"The Final Solution"

Mass shootings

The systematic killing of Roma and Sinti began in the summer of 1941, triggered by the attack of the Nazi regime on the Soviet Union ("Operation Barbarossa"). Suspected of being accomplices and spies for "Jewish Bolshevism", thousands of Roma and Sinti fell prey to mass shootings by the "SS-Einsatztruppen" (special units fighting political enemies). These commandos murdered behind the front lines with the support of the armed forces. Contrary to standard measures taken in Germany and Austria, the German troops for security and order especially aimed at those Roma who lived nomadic life styles, as they were considered as "genetically pure" and endogamous, corresponding to the typical image of the "spy".

Along with about 33,000 Jewish victims, hundreds of Roma died in the mass murder at Babi Jar near Kiev that was committed by "Einsatzgruppe C" (task force C) with active support by the "6th army". Similarly, in Poland and other regions of eastern Europe and the Balkans occupied by the Nazis, more Roma and Sinti died in mass shootings than in concentration camps. There are no exact numbers, however, it is estimated that more than 100,000 people were killed outside the camp system. In Serbia, as of 1941 under German occupation, the so-called retributional executions were synonymous with the extermination of the Roma minority. As opposed to measures taken in the east, the commandos here selected their victims, while the armed forces carried out the shootings. In 1942, Harald Turner, head of the German administration, stated that "(…)Serbia is (the)only country that has solved (the)problem of the Jews and gypsies". It needs to be added that in many cases, "Einsatzgruppen" and "Wehrmacht" (task- and armed forces) received ready support by various local fascist organisations, such as the "Ustascha" militia in Croatia. In Hungary, which the Germans occupied as of 1944, it was the so-called "Pfeilkreuzler", who committed mass-shootings and organised deportations.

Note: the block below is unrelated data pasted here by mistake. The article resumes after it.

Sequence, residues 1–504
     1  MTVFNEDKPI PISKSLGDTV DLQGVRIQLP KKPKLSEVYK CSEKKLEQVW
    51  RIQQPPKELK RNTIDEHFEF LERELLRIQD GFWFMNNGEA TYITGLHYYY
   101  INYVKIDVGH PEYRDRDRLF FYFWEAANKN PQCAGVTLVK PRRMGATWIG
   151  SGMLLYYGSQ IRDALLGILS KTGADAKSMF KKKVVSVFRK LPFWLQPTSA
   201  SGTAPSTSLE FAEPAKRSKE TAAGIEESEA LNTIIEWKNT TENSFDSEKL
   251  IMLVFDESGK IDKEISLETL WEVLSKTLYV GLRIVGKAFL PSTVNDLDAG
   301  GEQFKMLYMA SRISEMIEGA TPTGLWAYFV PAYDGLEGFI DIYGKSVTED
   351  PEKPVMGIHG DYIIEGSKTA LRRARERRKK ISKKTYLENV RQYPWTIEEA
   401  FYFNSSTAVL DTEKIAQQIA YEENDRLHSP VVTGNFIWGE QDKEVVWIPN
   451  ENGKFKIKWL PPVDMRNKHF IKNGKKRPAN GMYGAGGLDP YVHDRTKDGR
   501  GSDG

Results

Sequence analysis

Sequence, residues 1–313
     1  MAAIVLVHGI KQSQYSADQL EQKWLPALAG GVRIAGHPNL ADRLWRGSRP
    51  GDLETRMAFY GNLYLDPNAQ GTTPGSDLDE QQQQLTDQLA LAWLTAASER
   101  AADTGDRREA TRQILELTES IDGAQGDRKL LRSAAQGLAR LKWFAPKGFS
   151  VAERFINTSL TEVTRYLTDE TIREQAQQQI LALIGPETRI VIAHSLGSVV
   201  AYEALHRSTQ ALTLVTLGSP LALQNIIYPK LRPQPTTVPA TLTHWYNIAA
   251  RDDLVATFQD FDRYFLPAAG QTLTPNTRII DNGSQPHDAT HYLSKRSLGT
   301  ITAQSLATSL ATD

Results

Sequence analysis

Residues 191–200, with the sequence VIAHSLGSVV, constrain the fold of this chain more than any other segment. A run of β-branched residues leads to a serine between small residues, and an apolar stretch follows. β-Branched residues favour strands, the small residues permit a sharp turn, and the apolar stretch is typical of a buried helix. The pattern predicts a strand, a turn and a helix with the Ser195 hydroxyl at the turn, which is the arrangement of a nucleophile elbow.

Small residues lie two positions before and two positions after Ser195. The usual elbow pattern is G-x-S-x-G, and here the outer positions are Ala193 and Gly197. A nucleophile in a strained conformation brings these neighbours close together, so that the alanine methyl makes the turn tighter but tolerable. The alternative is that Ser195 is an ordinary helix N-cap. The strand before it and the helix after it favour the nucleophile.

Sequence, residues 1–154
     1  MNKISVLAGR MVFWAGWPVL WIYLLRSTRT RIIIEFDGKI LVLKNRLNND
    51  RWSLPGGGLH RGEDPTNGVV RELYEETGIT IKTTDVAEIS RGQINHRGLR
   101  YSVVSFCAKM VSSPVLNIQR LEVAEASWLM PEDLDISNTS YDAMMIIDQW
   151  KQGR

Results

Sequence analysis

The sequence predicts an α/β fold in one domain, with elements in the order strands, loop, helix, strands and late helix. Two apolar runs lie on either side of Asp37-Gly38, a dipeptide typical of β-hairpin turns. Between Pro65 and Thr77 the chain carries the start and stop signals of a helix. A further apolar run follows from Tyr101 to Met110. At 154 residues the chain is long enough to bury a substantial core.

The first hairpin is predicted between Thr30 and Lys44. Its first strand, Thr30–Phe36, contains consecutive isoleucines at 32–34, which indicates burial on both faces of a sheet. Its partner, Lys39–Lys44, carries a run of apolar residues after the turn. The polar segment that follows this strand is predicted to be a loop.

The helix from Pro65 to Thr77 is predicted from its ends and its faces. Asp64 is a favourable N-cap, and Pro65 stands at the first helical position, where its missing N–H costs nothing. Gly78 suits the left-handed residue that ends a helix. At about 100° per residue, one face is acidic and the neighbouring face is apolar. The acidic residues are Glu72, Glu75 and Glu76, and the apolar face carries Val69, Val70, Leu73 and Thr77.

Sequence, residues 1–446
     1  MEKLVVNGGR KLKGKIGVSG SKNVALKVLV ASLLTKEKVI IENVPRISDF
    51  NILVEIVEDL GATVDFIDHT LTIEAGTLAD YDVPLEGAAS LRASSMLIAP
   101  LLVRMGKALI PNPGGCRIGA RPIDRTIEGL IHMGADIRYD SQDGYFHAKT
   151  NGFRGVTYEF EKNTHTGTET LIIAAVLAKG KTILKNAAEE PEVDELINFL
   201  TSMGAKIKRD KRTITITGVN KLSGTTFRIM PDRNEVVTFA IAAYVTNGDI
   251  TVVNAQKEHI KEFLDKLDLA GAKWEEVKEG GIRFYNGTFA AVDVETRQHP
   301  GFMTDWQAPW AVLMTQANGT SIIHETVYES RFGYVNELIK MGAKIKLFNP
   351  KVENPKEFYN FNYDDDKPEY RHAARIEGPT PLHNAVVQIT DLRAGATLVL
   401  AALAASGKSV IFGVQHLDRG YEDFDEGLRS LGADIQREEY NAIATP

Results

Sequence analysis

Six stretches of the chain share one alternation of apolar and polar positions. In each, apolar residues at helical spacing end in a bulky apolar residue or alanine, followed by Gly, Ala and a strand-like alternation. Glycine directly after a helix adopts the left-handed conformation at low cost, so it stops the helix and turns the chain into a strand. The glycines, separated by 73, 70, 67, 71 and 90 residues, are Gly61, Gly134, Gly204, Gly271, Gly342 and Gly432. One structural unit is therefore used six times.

The Ghetto of Lódz

As already mentioned, Roma and Sinti were supposed to remain in "internment camps""until their final deportation" to the "Generalgouvernement of Poland" ( "Schnellbrief" by Himmler). In 1941, Himmler ordered the installation of a "gypsy camp" in the Jewish ghetto of Lódz. The SS, the "jüdische Ordnungsdienst" ("Jewish authority for law and order"), and a specially organised "gypsy police" had to shut the camp off entirely from the rest of the ghetto and the outside world. No information about the conditions and rules of the camp was to reach the Gypsy internees. Between November 5th and 9th, 1941, a total of 5 transports arrived at Lódz, each of them carrying 1.000 Austrian Roma and Sinti. Two transports came from Lackenbach, the others arrived from camps at Hartberg, Fürstenfeld, Rotenturm, and Oberwart. Members of the SS and the "Reichsarbeitsdienstes" controlled the camp and obliged a number of internees to carry out forced labour. The Roma and Sinti had to sleep on the ground. They did not receive any medicine nor were they given enough to eat. After a short amount of time, there was a break out of the typhus disease. The (approx.) 4,400 Roma and Sinti who were still alive in early January 1942 were deported to the extermination camp of Chelmno and gassed: none of the 5,000 Austrian Roma and Sinti originally interned at Lódz survived.